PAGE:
VPN is one of those acronyms that describes a revolutionary technology few people appear to be using. The confusion and misinformation that swirls around VPN (virtual private network) may be the reason for this perception. In this article, we’ll focus on VPN, including the basics about how it works and the definitions of some of the buzzwords that surround this new technology.
VPN is a new way to connect your users to your network. The technology has drawn a good deal of speculation and criticism about its security and reliability. On the flip side, VPN has also received its fair share of exaggeration about its merits, including claims that it is destined to replace all dedicated T1s, frame-relay circuits, and other proven connections.
How VPN works
So what can VPN really do for you? It can provide low-cost, reliable, and secure connections to your local area network (LAN) for commuters and remote office users. How does it work? VPN essentially takes two systems, or networks, connected to the Internet and creates a secure connection using encapsulation and encryption. VPN also uses authentication and routing to further increase security and functionality.
When using a client-to-server VPN (see box below), a remote client requests a resource from its corporate LAN. The computer then dials up an ISP to connect to the Internet and creates a logical connection to the corporate VPN server. This VPN server authenticates the client and manages encapsulation and encryption on the communications between the client and the resources on the corporate LAN.
The graphic above depicts a client-to-server VPN where a remote user connects to a corporate VPN server using point-to-point tunneling protocol (PPTP). The use of PPTP allows enterprises to extend their own corporate network through private “tunnels” over the public Internet. Using this type of interconnection, a company no longer needs to lease its own lines for wide-area communication. Instead, enterprises can securely use the public networks because the communication packets are encrypted before they are sent through the tunnel.The graphic below depicts a basic server-to-server VPN. Both of these diagrams show very simplified solutions. In reality, VPN servers often sit behind a firewall and are part of the corporate network’s “Demilitarized Zone.” Setting up a VPN usually involves some trial and error on the part of both the clients and the server. Once VPN is up and running, however, it is typically reliable if you have a dependable Internet connection on both ends.For more on VPN with Windows products, you can go to Microsoft’s site on Virtual Private Networking or read Nortel’s VPN Tutorial.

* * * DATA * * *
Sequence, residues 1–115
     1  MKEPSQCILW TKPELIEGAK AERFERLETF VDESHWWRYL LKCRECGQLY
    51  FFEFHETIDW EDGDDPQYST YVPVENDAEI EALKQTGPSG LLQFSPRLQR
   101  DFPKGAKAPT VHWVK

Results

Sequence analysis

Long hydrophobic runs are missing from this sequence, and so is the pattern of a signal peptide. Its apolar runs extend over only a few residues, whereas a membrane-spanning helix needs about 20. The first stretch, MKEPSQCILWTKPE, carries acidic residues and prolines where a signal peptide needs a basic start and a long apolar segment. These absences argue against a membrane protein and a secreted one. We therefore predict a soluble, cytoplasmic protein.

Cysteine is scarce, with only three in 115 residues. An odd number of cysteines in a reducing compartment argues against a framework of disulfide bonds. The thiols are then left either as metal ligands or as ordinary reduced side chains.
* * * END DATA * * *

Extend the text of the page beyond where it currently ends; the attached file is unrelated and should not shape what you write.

Sorting out VPN terminology
A VPN has its own subset of buzzwords, such as tunnels, PPTP, L2TP, GRE, CHAP, IPSec, and other concepts. How do they fit into the VPN picture? Let’s start with the most confusing concept—tunneling.
A VPN tunnel is a logical concept for illustrating the transfer of private data packets on the Internet, which is mostly full of packets anyone can open and read quite easily. A tunnel is not a private, dedicated path of electrons directly crossing the Internet from one spot to another. Hackers can still intercept the packets in your tunnel. But, without your encryption key, the packets are simply a jumbled mess of characters. The tunnel is simply the route taken by encapsulated packets between the two networks. Remember that tunneling encapsulation occurs at the Data Link Layer (Layer 2) of the OSI reference model.